Ghanaian Subsidy Policy

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Ghana's petroleum subsidy policy has undergone substantial changes since the mid-2000s, due mainly to subsidies' prohibitive cost.[1] Ghana spent about 450 million cedis ($276 million) on fuel subsidies in 2011.[2]

History

Prior to 2005, domestic petroleum prices had been subsidised by the government. In January 2003 prices were increased by 90 percent in an attempt to link the domestic prices to world prices, which sparked widespread domestic opposition. Facing an election in December 2004, though, the government unlinked domestic and international prices, and the total cost of subsidies increased sharply.[3]

In the same year, with the subsidy program becoming unsustainable, the government launched a poverty and social impact assessment (PSIA) for fuel. The PSIA was completed in less than a year and in February 2005 the government liberalised fuel prices, leading to a subsequent increase in prices of 50 percent. The price hike came together with a public relations campaign explaining the need for price increase and announcing measures to mitigate their impact. These measures included an immediate elimination of fees at primary and junior secondary schools, a program to improve public transport,[4] the allocation of extra funds for primary health care in Ghana's poorest areas, and an increase in funds to a rural electrification scheme.[5] Although there was opposition to the price hikes from trade unions, the policy was generally accepted and there were no large scale demonstrations against the increase.[3]

The government continued its policy of liberalised prices subject to price ceilings in line with world prices from February 2005 until May 2008; but a surge in oil prices led the government to freeze the price ceilings between May and November 2008. In the 2008 national elections, the victorious opposition party had pledged to halt the increase in domestic oil prices. According to IHS Global Insight, however, the incoming government resorted to an effectively ad hoc pricing approach, with increases coming in April, June and November 2009.[3]

Subsidy Reforms of 2011

In December 2011, Ghana cut fuel subsidies, with Alex Mould, CEO of Ghana’s National Petroleum Authority (GNPA) citing increases in crude oil prices and the depreciation of Ghana's cedi currency as the primary factors for the cuts. The cuts came as Ghana faced increasing pressure from the International Monetary Fund (IMF) to remove the subsidies, which the IMF contended were not effective in directly aiding the poor and promoted corruption and smuggling.[6]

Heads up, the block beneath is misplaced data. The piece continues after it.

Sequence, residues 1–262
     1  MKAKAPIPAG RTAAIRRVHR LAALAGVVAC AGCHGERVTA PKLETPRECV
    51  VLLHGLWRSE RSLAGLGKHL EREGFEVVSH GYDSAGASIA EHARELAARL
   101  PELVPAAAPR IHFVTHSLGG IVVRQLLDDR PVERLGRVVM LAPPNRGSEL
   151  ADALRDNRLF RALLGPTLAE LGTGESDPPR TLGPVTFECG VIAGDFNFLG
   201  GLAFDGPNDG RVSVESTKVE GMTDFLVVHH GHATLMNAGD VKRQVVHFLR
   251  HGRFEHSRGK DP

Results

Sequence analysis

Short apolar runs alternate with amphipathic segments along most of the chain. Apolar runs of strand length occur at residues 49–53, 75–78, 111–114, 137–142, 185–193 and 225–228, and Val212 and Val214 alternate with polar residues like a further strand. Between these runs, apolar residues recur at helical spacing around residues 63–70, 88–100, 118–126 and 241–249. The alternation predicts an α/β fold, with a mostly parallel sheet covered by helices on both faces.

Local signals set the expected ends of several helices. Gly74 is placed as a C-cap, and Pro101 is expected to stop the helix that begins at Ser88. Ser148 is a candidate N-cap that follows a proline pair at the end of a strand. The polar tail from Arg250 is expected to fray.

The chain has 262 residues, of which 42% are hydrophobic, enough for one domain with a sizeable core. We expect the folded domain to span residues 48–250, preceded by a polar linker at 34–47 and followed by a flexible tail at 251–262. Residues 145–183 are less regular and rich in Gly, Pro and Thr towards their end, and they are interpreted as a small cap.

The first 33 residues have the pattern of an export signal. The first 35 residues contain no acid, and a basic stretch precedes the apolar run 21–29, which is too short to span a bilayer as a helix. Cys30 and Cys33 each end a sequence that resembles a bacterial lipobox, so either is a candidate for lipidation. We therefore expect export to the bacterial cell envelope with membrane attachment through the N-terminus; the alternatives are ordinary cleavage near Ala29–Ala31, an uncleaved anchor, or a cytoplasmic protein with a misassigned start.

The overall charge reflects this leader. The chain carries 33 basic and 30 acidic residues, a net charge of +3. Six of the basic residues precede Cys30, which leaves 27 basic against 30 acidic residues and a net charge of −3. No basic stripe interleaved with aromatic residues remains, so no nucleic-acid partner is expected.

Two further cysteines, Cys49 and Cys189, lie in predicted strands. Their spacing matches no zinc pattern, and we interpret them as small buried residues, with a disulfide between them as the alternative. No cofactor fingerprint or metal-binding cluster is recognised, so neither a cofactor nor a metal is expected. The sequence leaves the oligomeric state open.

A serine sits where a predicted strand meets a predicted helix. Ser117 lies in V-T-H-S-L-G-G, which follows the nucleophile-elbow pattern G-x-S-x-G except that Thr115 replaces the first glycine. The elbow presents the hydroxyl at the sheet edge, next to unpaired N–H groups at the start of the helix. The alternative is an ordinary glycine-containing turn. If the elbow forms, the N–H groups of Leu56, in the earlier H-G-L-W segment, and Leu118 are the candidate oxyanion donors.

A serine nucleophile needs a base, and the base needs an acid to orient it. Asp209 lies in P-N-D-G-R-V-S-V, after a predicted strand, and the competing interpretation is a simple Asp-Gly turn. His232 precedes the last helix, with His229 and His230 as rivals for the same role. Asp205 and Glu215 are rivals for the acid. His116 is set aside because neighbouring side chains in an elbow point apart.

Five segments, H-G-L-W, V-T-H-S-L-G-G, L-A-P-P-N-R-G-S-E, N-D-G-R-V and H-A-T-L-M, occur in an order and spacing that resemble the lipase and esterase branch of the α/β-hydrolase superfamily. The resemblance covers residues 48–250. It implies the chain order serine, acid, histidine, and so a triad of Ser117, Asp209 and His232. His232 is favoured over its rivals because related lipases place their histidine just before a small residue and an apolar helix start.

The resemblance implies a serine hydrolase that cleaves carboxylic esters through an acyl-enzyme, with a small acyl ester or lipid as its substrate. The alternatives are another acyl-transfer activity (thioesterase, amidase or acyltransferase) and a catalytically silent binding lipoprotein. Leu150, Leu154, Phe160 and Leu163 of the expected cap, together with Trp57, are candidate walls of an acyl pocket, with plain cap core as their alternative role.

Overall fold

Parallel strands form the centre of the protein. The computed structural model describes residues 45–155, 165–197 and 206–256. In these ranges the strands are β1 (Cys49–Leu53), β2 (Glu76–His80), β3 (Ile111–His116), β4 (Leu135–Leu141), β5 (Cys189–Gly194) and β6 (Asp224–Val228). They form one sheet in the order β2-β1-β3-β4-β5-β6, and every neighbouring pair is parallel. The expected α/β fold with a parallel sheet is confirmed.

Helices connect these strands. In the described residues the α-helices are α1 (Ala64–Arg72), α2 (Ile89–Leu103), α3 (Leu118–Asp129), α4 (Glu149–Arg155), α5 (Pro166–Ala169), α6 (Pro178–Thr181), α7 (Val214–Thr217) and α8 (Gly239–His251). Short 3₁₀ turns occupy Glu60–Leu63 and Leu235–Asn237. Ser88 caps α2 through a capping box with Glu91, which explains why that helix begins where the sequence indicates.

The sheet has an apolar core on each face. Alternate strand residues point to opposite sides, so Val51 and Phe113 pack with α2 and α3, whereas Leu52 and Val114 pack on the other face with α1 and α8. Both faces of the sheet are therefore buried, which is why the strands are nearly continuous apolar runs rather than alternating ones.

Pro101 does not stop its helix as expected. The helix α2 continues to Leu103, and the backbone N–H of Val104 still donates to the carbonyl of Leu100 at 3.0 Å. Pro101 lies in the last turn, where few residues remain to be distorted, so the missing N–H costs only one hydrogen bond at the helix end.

The cut on subsidies for petroleum products was effective 29 December 2011 and resulted in fuel prices increasing by about 20 percent by 1 January 2012.[7] Civil society groups such as the Ghanaian Trade Union Congress promised indefinite nationwide strikes, and partially in response to this,[7] the government in early February 2012 proposed to effectively reverse this recent policy and cut prices by 20%, though the National Petroleum Authority had not yet signed off on the move as of 9 February 2012.[8]

References

  1. "Ghana: Petroleum Price Subsidy Unavoidable but Who Pays for It?" AllAfrica.com, 31 January 2012.
  2. "Fuel Subsidy Removal: Contrasting Reactions from Ghana and Nigeria" MyWeku.com, 13 February 2012.
  3. 3.0 3.1 3.2 "Subsidies in the Energy Sector: an Overview" World Bank Group Energy Sector Strategy, July 2010.
  4. "Phasing Out Subsidies" World Bank, August 2006.
  5. "Ghana’s Pathway to a Green Economy" UN Environment Programme, Retrieved 13 February 2012.
  6. "Fuel prices rise in Ghana as govt cuts subsidies" Sweet Crude Reports, 30 December 2011.
  7. 7.0 7.1 "How Ghana, Tanzania, Uganda tackle fuel subsidy" BusinessDay, 18 January 2012.
  8. "Ghana: mixing politics and fuel prices" Financial Times, 9 February 2012.